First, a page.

Running the model
The application is booted onto the Blue Gene/L nodes by a mechanism similar to MPICH job submission (MPICH is a freely available, portable implementation of MPI, the message-passing interface; see Related topics for a link). Each processor in the cluster provides a POSIX-file-system environment to the application. Data can be set up in an IBM General Parallel File System (GPFS) file system for the application to read; when the application writes results, the results would also go there for external use.
For time-series modeling applications such as this, it is normal to read the initial conditions from the file system and then to write periodic "snapshots" of the model state to the file system.
What does all this give us?
The video is a glimpse into a world that has never before been visible. Of course, we don't know that it represents the truth—scientists always need to compare what a model shows with what they can see in the real world. Seeing how lysozyme misfolds in reality is still a dream; even "seeing" part of the "fixed" conformations means preparing samples and putting them under an electron microscope or possibly even causing large numbers of lysozyme molecules to crystallize, then using X-ray diffraction spectroscopy. However, these experimental techniques typically do not give insight into how the protein might move.
Therefore, the current large-scale simulations offer a unique window to look into the details of molecular movements and critical changes involved in disease-related misfoldings. Hopefully, the availability of the technology that can make this happen will push the envelope and advance the state of the art in amyloidosis studies. It can also be used to train the next generation of scientists to solve these types of problems in this new way as their primary method for doing this type of research.
Predicting the future
Actually, we would not be so bold as to attempt to divine tomorrow, but we would venture to guess that Blue Gene computing will continue to follow a development path (we use version L; the available Blue Gene/P upgrades to 4 processors per chip, 10Gbps Ethernet, and a host of other improvements). The cost of doing more compute-intensive arithmetic and the cost of more and faster storage (both heavily associated with the data-visualization tasks we describe in this article) will most likely continue to fall—as they must, because there is several worlds' worth of advanced modeling that scientists need to be doing, both for public research and for businesses to bring products to market.
The lysozyme model we describe only scratches a molecule off the surface of the new field of computational biology. There are more than 50,000 proteins whose structures are catalogued in the public Protein Data Bank (see Related topics for a link); there are millions of potential pharmaceutically useful compounds to be analyzed; and there are many human diseases known to be related to proteins and their defects. And we're not even considering the myriad other research areas that can benefit from modeling on this scale. Blue Gene's work has just begun.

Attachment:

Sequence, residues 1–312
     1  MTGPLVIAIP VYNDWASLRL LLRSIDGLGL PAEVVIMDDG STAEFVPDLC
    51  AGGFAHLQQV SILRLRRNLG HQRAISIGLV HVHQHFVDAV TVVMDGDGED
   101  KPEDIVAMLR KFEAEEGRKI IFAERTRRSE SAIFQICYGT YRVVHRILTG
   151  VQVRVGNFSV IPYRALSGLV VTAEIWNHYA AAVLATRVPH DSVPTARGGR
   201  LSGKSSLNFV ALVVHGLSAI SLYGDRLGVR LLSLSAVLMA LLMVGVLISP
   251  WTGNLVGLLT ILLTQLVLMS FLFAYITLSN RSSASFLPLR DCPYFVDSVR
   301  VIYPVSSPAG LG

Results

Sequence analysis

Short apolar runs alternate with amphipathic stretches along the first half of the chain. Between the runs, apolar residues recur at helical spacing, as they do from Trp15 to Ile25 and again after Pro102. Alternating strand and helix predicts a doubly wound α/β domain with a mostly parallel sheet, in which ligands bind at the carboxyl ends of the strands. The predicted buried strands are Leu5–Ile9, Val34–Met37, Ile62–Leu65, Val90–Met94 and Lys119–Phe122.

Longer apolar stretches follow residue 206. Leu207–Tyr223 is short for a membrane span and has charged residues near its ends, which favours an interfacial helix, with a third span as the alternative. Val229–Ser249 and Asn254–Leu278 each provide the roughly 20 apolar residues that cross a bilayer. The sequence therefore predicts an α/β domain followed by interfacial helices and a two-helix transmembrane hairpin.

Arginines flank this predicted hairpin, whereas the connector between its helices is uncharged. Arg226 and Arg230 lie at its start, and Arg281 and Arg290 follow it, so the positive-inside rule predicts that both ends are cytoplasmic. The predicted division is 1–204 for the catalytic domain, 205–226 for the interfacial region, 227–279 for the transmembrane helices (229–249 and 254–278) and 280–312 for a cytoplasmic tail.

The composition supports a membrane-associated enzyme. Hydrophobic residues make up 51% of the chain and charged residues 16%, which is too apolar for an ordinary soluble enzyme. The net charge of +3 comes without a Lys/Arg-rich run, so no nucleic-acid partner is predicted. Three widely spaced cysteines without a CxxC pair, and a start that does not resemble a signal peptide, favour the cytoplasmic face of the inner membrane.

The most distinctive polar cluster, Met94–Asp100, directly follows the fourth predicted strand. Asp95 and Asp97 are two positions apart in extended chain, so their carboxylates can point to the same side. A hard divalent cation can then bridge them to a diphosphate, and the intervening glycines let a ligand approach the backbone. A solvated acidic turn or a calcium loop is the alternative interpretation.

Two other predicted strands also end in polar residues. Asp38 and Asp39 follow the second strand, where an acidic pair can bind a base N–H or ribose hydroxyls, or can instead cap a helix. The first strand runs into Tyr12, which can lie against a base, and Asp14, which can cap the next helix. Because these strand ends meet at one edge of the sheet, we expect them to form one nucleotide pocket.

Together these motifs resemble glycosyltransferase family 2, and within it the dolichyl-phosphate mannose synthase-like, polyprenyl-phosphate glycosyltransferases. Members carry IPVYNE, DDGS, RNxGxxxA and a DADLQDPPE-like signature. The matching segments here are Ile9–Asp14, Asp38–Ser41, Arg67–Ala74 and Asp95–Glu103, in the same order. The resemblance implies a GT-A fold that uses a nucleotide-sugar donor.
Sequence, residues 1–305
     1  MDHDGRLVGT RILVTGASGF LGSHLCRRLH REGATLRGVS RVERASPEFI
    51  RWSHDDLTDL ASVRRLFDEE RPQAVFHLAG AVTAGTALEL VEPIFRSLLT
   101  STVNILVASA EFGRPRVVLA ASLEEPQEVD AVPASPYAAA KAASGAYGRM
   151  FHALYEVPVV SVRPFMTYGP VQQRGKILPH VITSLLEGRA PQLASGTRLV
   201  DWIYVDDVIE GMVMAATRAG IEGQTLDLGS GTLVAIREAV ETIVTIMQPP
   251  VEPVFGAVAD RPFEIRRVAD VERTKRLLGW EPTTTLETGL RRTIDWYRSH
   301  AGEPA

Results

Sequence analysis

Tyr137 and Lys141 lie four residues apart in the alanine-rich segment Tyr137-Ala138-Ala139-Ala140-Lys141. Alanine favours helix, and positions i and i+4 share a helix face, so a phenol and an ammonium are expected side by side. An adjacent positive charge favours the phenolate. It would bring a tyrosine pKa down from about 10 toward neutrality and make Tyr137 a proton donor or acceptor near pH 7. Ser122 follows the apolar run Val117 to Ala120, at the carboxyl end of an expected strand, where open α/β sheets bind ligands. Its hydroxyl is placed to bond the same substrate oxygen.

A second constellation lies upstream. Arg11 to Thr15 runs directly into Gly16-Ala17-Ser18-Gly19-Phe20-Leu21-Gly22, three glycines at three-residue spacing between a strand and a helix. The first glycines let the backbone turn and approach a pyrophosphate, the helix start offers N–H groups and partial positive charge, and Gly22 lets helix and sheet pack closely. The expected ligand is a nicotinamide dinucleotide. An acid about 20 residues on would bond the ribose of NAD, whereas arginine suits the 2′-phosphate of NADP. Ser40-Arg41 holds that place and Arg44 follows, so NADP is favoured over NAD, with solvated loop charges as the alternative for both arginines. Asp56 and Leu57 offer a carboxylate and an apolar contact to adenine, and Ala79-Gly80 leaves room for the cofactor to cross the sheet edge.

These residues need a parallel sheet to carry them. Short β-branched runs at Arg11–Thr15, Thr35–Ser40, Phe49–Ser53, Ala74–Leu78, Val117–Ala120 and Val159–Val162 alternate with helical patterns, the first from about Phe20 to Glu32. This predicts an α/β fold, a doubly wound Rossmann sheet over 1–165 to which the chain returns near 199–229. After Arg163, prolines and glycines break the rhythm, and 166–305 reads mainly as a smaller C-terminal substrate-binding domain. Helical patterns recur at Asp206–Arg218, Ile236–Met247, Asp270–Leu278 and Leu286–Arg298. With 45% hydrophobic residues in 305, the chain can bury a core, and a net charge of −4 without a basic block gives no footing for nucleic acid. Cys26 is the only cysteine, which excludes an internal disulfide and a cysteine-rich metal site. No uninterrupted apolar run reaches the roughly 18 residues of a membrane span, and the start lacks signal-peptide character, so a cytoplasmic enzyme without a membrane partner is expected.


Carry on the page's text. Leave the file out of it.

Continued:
- A roundup of Blue Gene/L-related research can be found at the IBM Blue Gene project page. Other Blue Gene solution components and resources include:
- The RCSB Protein Data Bank (PDB) is an archive for the study of biological macromolecules with information about experimentally determined structures of proteins, nucleic acids, and complex assemblies. Educational resources include such cool things as the Molecule of the Month.
- Source data for Figure 1 is from the PDB, The 1.33 A structure of tetragonal hen egg white lysozyme.
- Source data for Figure 2 is from the PDB, Structure of a B-DNA dodecamer: conformation and dynamics.
- Figure 3 is courtesy of the MathMol library hosted at New York University.
- Source data for Figure 4 is from the PDB, Deoxy hemoglobin (A-GLY-C:V1M,L29F,H58Q; B,D:V1M,L106W).
- "Destruction of long-range interactions by a single mutation in lysozyme" (R. Zhou, M. Eleftheriou, A. Royyuru, B. J. Berne; Proc. Natl. Acad. Sci., 2007) gives more information about the modeling approach used in these simulations.
- "Parallel implementation of the replica exchange molecular dynamics algorithm on Blue Gene/L" (M. Eleftheriou, A. Rayshubski, J. W. Pitera, B. G. Fitch, R. Zhou, R. S. Germain; IEEE, 2006) explains some of the mathematical techniques used for the simulation.
- MPICH2 is the next stage of MPICH, the high-performance, widely portable (and free) implementation of the Message Passing Interface (MPI) standard.
- The Argonne Leadership Computing Facility has a collaborative program that provides Blue Gene/P time to the computational science community.
- "High-performance Linux clustering" is a two-part series providing background on high-performance computing with Linux. Part 1 (developerWorks, September 2005) covers HPC fundamentals, types of clusters available, reasons for choosing a cluster configuration, and the role of Linux in HPC. Part 2 (developerWorks, October 2005) discusses parallel programming using MPI, covers cluster management and benchmarking, and shows how to set up a Linux cluster using open source software.
- "Port Fortran applications" (developerWorks, April 2009) helps you overcome common hurdles when porting Fortran applications among various high performance computing systems.
- Some of the tools integrated into the applications described in this article include the 3D Fast Fourier Transform Library for Blue Gene/L and author Chris Ward's Custom Math Functions for High Performance Computing.